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Church offers suggestions on preserving documents

In the process of preparing for the 50th anniversary last fall, members of Wayside UCC found that founders took care to save pictures to share the story

Myrna Harrison
Myrna Harrison

of building the church in Federal Way—both the physical structure and the life of the congregation.
“We have scrapbooks of newspaper clippings, hand-written notes and letters, contracts, drawings—a wealth of original material for those interested in our history,” said Myrna Harrison, who is now working on the Wayside History Project.
The recent history was not as well documented, preserved or cared for.  Learning of the poor condition of some of the materials, she and others started the project to archive documents and photographs.
“At this point in the project, we are still taking inventory, carefully listing the items in the collection and making note of their condition,” she said.
The group of eight enjoys telling stories as they proceed.
“It is difficult to keep focus on the project, when we are distracted by the

Wayside History Project
Wayside History Project team includes one of the founders.

contents, such as an anonymous photo of people much younger than we are.  We try to figure out their names and then decide what to do with it,” said Harrison, adding that she hopes interest will continue through the summer. 
The group, with the advice of the Historical Society of Federal Way, is tackling the large project a little at a time.  They will inventory, index and protect the materials in archival quality sleeves, folders and boxes.  In addition, they are scanning the documents for permanent storage in digital form.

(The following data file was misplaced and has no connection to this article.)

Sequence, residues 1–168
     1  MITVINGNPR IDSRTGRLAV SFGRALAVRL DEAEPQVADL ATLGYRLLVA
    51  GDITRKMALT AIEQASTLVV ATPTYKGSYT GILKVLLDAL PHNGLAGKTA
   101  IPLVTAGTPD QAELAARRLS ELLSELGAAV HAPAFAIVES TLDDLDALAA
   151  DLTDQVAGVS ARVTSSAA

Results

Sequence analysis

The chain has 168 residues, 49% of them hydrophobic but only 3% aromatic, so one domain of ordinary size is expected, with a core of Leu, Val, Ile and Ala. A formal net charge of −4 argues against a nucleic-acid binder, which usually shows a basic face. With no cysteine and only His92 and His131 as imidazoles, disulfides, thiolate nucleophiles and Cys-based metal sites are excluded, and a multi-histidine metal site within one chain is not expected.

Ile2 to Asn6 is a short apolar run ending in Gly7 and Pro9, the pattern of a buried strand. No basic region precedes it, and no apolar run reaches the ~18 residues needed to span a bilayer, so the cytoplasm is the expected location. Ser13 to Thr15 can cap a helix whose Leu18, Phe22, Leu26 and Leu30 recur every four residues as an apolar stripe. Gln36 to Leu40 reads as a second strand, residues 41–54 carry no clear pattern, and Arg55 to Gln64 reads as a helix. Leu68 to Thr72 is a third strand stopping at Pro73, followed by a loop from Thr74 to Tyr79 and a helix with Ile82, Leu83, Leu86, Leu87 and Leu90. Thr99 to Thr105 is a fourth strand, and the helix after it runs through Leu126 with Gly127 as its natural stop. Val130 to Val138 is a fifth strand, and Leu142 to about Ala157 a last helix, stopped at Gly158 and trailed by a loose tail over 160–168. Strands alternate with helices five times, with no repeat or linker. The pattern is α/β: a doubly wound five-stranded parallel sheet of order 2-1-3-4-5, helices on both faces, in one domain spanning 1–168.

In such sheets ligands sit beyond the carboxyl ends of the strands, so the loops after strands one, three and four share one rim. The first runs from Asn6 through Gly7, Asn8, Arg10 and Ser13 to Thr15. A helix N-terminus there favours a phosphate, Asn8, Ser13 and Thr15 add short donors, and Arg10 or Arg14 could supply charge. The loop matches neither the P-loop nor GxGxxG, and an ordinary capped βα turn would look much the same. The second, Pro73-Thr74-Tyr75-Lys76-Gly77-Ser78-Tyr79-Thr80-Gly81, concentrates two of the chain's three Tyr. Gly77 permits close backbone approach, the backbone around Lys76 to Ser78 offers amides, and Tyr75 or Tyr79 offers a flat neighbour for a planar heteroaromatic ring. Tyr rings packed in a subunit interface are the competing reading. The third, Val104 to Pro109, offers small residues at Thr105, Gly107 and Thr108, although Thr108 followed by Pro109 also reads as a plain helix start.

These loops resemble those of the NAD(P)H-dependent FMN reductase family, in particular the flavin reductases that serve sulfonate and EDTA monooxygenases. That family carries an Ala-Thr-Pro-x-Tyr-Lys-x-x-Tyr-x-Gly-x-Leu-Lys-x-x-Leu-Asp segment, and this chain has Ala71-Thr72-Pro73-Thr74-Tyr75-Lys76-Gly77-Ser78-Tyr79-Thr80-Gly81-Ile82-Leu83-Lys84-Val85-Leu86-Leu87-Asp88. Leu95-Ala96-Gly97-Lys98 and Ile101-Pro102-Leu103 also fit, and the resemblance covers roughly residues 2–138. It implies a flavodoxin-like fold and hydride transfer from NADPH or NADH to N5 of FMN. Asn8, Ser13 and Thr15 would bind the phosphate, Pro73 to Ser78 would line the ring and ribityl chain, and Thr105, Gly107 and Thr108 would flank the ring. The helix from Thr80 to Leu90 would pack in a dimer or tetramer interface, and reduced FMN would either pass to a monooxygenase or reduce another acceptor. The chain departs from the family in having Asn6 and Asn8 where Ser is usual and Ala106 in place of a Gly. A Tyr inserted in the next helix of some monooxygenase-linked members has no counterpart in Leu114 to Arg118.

Harrison outlined the process for reviewing items:  To select items, they ask: Is there a problem with it?  Is it interesting?  Is it important?
• If there is a problem, they correct it if possible—identifying the subject and date; removing staples and paper clips; taking it out of a sticky plastic sleeve or removing it from an acidic backing.
• If it is interesting, they photocopy it to display in a set of scrapbooks in our Memorial Lounge Library
• If it is important, they scan it for long-term electronic storage on gold CDs.
“We will organize the original media, store it in archival containers and prepare an index for future research,” Harrison said.
They also seek additional materials to fill gaps and plan to record stories of long-term members to add to the historical archives. 
In addition to the safe storage, the group will produce volumes for display in the Memorial Lounge library.
She said that “a generous donation” means funds are available to purchase the necessary archival quality supplies. 
The history project group meets second and fourth Tuesdays each month. 
Coordinators are Anne Vester, Lynn Ahlbeck and Myrna Harrison

For information, call 253-838-4986 or email


Copyright Pacific Northwest Conference News © June 2010


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